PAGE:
Bre Pettis discusses technology, innovation at University Lectures Series

Students gather at the first University Lecture of the year to hear advice from the leader in 3D printing technology.

Innovator and technology evangelist Bre Pettis kicked off the University Lectures Series with an inspiring lecture Tuesday in Hendricks Chapel.

Pettis, co-founder and former CEO of MakerBot industries, became a phenomenon in the tech world for his leadership in 3D printing technology in 2009, and revolutionized the desktop 3D printing market. But he didn’t start out as a 3D enthusiast. In his lecture, Pettis retraced his professional and personal journey, from being a puppeteer, a teacher, an artist and most famously a successful entrepreneur. He encouraged students to indulge their obsessions.

Photo: Dara McBride
Bre Pettis, a trailblazer in 3D printing technology, delivers his University Lecture in Hendricks Chapel on Tuesday. His speech touched on a number of topics, including social activism.

“Try to find a way to contribute to society that makes you happy as well,” Pettis said.

While discussing his insights on entrepreneurship, he encouraged students to be aware of social justice issues, no matter the field they work in, and spoke of the need for social activism, diversity in workplace and gender equality.

“What I try to do is hire a lot of women,” Pettis said. “They are just smarter.”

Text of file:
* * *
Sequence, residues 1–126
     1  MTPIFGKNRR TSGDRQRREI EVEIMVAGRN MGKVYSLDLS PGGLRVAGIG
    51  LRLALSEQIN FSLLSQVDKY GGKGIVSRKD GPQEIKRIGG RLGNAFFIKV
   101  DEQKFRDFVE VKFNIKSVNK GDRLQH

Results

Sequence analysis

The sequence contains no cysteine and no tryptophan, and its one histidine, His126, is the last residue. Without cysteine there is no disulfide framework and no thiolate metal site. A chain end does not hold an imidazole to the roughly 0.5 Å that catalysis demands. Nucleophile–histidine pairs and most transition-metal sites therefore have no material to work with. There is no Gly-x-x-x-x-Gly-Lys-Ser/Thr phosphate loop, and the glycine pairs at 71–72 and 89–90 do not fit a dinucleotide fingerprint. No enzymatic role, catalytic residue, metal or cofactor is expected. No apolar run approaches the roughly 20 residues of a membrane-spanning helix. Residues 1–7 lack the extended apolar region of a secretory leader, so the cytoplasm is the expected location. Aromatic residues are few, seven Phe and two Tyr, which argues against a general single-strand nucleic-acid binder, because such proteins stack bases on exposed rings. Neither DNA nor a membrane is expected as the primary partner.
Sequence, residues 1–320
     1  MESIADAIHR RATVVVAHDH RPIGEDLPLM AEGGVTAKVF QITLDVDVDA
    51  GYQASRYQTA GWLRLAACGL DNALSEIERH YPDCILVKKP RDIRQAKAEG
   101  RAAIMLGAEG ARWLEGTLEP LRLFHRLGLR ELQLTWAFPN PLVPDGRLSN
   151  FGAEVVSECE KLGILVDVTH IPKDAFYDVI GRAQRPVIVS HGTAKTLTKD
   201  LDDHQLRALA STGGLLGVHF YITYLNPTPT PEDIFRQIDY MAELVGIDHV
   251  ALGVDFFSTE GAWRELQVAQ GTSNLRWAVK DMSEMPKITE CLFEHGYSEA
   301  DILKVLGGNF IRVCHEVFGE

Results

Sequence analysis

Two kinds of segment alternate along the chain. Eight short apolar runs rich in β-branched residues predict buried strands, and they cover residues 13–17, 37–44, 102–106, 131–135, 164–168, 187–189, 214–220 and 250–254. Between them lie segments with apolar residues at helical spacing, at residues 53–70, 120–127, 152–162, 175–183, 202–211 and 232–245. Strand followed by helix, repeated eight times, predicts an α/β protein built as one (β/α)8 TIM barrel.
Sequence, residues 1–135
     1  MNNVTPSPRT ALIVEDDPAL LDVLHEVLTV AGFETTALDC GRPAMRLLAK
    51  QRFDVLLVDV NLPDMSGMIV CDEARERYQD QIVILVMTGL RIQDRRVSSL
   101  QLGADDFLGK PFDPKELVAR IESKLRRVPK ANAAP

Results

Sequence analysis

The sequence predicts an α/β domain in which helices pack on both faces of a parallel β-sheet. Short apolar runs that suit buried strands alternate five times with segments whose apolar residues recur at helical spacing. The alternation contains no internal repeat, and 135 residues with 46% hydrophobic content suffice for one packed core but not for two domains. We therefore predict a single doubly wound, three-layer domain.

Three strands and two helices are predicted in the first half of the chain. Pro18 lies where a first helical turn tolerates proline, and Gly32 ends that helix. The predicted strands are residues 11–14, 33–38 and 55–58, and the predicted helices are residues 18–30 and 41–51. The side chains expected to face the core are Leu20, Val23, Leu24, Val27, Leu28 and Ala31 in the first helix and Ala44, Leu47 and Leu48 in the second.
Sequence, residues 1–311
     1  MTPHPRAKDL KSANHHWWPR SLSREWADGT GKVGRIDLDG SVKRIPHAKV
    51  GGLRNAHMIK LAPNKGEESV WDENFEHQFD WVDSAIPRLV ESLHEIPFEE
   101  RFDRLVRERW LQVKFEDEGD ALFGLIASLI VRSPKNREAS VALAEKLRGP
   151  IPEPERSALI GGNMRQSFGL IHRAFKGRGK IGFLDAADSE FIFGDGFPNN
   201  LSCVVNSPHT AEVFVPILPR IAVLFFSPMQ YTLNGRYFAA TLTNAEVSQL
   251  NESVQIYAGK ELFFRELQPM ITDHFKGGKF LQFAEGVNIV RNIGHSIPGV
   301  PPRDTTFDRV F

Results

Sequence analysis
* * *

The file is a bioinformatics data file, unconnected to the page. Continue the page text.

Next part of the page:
Pettis commended the university for being fertile ground for innovative thinking by helping students with their entrepreneurial ventures. He stressed the importance of forming deep and lasting friendships, and cited friendship and gratitude as inspiration for starting Bre & Co., his latest venture that launches later this month and allows customers to buy personalized gifts made using 3D printing technology.

Barbara Stripling, the co-chair of the committee that picks speakers for the series, said Pettis was chosen because of the importance of entrepreneurial and innovative thinking among students.

“We were trying to provoke people to think in a new way and wanted them to hear it from somebody who actually made it happen,” she said. “Someone who has continued to push himself to think in new ways.”

Graduate student Carolyn Goldstein liked the unconventional nature of the lecture.

“When you go to a university lecture, it is usually very prim and proper and this was informal and inspiring," Goldstein said. “This guy is leader in his field, yet he felt so comfortable talking to us, like we were his peers.”

The next University Lecture will feature Lynsey Addario, a photojournalist for The New York Times, TIME and National Geographic, on Oct. 18.

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